Merenda O’Bar -- Memorial Scholarship

Angelina Merenda O’Bar and her husband Jesse established this scholarship for students enrolled in USAO’s early childhood education program. Preference is given to students involved in USAO’s Student National Education Association (SNEA).

Angelina “Ann” O’Bar devoted her career to working with young children and their families as a child and parenting specialist.

Since her appointed in July 1965 -- by then-Gov. Henry Bellmon -- to serve as a parent on the Governor’s Committee on Children and Youth, O’Bar has served continuously at the local, state, national, and international levels for the last 40 years as an advocate for programs serving young children, their families and communities.

She was born March 1, 1935, during one of the worst snow storms to hit Brooklyn, N.Y., and in the middle of the worst depression to hit the U.S. Her father went out in the middle of the night, driving in five feet snow drifts to find a doctor. He ended up after many hours settling for a midwife. “They both arrived about an hour after I was delivered by my grandmother,” for whom she was named.

Ann was the middle child of Antonio and Mary (DiPietro) Merenda. Her father was born in Italy on the island of Sicily and came to America, by himself, as a 17 year old. Her mother was born in New York City and moved to Brooklyn, as a teenager, where she soon met Ann’s father and married him in 1927.

Her family moved to Oceanside, Long Island in 1949 and she attended Oceanside High School, graduating in 1952. She then attended New York Community College in Brooklyn, graduating in June 1954. “That was the same month that I met my husband Jesse. We were married in October 1956.”

The couple moved to Brooklyn and both worked for banks and then an insurance company while he attended New York University Graduate School. Their son, Jesse III “Jay,” was born in 1961. In 1964, Jess, an only son, decided it was time to return to Chickasha to start his own insurance business.

“I decided in August of 1965 to return to college at OCW/OCLA and work towards a degree in education. I received my BS in 1967. I took my first teaching position that fall with Chickasha Public Schools, working with kindergarten age head start children.”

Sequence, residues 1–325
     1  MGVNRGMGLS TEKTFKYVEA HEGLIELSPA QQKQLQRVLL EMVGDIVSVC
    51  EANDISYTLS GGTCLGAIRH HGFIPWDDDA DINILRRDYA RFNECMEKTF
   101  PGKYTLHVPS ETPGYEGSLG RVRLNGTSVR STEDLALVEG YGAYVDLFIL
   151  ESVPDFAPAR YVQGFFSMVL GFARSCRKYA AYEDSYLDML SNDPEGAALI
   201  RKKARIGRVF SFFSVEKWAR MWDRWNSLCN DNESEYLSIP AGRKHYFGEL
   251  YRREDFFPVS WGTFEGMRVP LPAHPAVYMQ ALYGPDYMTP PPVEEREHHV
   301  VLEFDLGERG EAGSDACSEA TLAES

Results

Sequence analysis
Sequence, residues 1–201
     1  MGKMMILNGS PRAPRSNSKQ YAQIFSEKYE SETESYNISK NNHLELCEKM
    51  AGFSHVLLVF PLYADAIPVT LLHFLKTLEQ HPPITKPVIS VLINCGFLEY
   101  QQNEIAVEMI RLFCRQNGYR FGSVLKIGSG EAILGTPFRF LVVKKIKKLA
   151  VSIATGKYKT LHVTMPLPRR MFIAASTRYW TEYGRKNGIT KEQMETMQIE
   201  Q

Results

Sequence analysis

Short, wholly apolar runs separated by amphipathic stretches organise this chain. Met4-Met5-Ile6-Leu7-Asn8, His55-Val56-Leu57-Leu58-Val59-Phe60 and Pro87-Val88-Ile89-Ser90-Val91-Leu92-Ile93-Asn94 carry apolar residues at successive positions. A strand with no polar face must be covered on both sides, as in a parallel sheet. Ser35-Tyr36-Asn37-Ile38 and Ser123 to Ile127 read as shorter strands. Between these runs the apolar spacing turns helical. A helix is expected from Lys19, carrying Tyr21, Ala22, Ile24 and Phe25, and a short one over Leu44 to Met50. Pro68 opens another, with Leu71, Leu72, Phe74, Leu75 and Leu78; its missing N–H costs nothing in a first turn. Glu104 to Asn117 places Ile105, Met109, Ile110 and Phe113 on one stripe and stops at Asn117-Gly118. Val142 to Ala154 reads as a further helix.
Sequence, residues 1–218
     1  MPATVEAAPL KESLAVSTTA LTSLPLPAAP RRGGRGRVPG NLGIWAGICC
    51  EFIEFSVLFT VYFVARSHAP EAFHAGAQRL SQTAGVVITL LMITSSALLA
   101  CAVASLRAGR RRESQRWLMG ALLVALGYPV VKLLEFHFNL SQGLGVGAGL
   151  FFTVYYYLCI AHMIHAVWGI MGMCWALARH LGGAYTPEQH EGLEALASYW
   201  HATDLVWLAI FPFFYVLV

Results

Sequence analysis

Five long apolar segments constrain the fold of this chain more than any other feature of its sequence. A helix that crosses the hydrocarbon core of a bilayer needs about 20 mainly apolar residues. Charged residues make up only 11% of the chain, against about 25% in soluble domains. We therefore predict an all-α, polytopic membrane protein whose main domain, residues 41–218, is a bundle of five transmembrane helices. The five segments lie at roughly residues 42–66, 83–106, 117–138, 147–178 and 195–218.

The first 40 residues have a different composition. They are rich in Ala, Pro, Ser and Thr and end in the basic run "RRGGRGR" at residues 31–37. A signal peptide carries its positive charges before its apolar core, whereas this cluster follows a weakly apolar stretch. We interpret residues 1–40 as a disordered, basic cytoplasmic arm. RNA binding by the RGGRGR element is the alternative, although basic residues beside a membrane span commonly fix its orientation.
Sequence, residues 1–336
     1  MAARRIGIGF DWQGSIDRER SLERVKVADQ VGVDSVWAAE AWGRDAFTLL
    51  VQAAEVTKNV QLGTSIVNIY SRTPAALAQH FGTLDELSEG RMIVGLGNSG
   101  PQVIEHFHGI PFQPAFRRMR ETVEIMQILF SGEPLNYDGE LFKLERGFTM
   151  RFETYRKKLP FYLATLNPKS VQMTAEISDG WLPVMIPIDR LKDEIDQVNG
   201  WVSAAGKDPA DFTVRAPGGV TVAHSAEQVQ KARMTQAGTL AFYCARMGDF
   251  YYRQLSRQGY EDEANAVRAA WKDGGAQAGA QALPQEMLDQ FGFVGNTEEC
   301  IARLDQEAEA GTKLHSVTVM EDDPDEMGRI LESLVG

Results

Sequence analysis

Their only child, Jay, was killed by a teenage driver in June 1968.

“These incidents have impacted my life in many ways and influenced what direction my life would take. I continued with my education wherever I could take classes in child development and early childhood education, receiving my master’s in December 1972. I am truly a life-long student and continue to take classes in a variety of subjects.”

She served as project director/associate director at the University of Oklahoma’s Center for Child and Family Development, 1987-96. O’Bar was appointed director emeritus for the center in February 1998. Previously to those positions, she worked with Head Start in Chickasha serving as head start director, 1982-87; educational and training coordinator, 1970-82; and teacher for Head Start funded kindergarten, 1967-69. She has served as CDA representative for the Council for Early Childhood Professional Recognition, Washington, D.C., from July 1975 until the present.

O’Bar continued to serve as a consultant for head start, state and federal government, universities, corporations, public/private schools and child care programs. She was an adjunct instructor at USAO from 1975-1978.

An active community member, she worked on Chickasha’s “All America City” committee in 1972. Recognition of the need for and establishment of day care centers for children of working mothers was one of the three main points in Chickasha’s winning entry in the All-America City contest.

Her numerous awards include Oklahoma “OKIE” Award, Outstanding Italian American Award presented by J.C. Penny’s of Oklahoma, and Oklahoma Association on Children Under Six Distinguished Service Award. She was named a delegate to White House Conference on Children.

“Our lives have been blessed with 13 God-children, many nieces and nephews and their children. Add to them former students and young people, who are an important part of our lives, and our great family and friends,” O’Bar said. “Life has been good.”

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